While everyone else is blogging from the NDC, I’m in Turin at the European Summer Meeting of the Association of Symbolic Logic, aka LC’04. Highlights so far: Grisha Mints’ opening talk on Monday, in which he presented a result showing that all intuitionistic Frege systems polynomially simulate each other. It uses some interesting recent work by Rosalie Iemhoff (Vienna), who showed that all intuitionistically admissible inference rules can be generated from a finite set of rules; Grisha’s result means that superexponential lower bounds on proof lengths for one intuitionistic Frege system extend to all others. Michael Möllerfeld presented his recent work on systems equivalent to Π12-CA. Π12-CA is the cutting edge of ordinal analysis (work of Rathjen and Arai). One of the systems Michael showed is equivalent to Π12-CA is the μ-calculus, which is a formalism with a fixpoint operator which is really important in theoretical computer science. Also interesting were the talks by Anton Setzer on extensions of Martin-Löf type theory, and by Andrea Cantini on constructive set theories with operators. Not much on the more philosophical side, but I should mention the talks by Phil Ehrlich on the pre-Robinson history of infinitesimals in mathematics (a long paper forthcoming in the Archive for the History of the Exact Sciences), by Luca Belotti on consistency of large cardinals, and the panel discussion on “Kant’s legacy for the philosophy of logic.” It was mostly on Kant, and not on the legacy. I wished there was more on Frege vis-a-vis Kant or something like that; in particular I thought it was a shame that no-one discussed John MacFarlane’s recent work on Kant and logic. Today is sight-seeing day, more proof theory tomorrow (as well as a talk by yours truly on Gödel logics). Oh, and thanks to Greg Restall for pointing to the beamer class a few weeks ago. They don’t have projectors here for the contributed talks, but as it turns out, beamer also makes very nice overhead transparencies. I recommend the “lined” template.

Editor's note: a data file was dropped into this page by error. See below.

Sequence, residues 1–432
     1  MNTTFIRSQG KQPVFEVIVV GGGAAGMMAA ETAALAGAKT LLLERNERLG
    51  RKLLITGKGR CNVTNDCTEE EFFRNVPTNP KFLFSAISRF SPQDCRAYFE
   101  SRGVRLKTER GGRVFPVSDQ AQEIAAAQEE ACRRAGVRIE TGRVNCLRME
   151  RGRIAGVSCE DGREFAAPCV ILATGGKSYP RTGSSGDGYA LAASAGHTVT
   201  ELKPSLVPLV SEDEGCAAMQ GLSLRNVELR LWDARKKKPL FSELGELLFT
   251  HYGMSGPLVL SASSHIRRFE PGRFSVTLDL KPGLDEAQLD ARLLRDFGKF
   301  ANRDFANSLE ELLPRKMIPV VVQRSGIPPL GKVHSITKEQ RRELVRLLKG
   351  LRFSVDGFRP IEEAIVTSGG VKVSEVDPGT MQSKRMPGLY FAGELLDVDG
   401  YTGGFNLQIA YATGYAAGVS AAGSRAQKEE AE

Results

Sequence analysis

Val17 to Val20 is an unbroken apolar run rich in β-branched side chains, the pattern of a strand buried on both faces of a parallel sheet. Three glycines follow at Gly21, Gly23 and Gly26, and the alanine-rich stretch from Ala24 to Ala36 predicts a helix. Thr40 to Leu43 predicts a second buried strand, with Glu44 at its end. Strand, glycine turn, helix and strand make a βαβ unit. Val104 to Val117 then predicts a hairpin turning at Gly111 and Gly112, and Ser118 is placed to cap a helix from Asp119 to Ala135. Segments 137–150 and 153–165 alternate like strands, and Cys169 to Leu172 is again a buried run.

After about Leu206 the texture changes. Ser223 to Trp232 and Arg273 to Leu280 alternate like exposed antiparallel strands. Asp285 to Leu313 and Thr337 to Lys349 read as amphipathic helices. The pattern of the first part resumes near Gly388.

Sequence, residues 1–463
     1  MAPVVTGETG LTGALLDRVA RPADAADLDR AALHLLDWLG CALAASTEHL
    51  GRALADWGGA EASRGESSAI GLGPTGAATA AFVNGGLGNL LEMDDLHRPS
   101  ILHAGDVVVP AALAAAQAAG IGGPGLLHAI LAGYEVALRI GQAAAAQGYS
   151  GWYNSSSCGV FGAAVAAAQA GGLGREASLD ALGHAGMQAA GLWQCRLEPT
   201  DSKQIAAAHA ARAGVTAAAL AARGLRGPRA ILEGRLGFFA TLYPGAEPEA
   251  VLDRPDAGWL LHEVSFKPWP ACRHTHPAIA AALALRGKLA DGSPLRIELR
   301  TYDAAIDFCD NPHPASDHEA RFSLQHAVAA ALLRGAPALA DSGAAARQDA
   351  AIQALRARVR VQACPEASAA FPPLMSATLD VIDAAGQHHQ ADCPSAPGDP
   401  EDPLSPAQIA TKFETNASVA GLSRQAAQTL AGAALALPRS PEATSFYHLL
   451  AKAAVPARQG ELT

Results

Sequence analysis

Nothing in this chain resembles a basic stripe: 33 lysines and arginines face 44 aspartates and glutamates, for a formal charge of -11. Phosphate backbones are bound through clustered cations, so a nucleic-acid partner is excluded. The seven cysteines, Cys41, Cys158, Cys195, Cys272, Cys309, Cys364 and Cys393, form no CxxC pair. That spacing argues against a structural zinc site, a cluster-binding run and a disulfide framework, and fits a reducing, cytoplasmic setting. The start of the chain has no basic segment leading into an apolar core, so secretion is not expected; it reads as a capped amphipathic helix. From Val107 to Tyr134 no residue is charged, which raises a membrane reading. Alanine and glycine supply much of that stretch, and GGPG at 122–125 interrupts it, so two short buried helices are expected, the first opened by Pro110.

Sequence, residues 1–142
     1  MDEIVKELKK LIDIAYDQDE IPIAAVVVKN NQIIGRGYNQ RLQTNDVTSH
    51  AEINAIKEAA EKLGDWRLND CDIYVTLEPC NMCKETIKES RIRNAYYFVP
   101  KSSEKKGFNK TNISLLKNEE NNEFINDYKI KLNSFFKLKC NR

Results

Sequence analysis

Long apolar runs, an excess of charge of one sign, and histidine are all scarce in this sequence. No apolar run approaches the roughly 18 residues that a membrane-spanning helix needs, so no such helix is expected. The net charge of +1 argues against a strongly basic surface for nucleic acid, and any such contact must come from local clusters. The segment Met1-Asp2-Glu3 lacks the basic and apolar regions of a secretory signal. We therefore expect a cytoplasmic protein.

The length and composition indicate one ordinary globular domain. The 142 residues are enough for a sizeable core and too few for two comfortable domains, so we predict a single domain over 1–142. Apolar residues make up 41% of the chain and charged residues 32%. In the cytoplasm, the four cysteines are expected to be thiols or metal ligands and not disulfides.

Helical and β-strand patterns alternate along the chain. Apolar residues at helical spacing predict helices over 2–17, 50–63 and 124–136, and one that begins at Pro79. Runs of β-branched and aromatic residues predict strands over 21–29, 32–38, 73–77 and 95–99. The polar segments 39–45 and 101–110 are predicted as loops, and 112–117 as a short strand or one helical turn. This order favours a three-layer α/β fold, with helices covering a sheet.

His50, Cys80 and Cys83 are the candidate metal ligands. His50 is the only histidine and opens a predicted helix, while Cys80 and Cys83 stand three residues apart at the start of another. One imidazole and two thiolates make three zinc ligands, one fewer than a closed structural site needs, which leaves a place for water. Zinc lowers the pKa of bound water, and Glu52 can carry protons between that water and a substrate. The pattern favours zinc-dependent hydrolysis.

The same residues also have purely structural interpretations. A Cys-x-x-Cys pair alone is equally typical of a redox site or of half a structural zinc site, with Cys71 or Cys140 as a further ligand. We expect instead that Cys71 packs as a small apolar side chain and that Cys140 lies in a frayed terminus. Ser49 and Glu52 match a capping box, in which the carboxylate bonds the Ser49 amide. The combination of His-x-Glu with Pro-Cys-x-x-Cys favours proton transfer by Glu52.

Two exciting conferences coming up next academic year: In November, the 5th Midwest Philosophy of Mathematics Workshop will be held at Notre Dame. I went last year, and it was a fabulous experience. There will be a special presentation by Dana Scott. And at the end of March 2005, the 1st World Congress and School on Universal Logic will take place in Montreux, Switzerland. Nice place, exciting topics, interesting speakers (inter alia, Arnon Avron, John Corcoran, J. Michael Dunn, Dov Gabbay, and Krister Segerberg). Unfortunately, March is an impossible time for me to get away from teaching for more than a few days.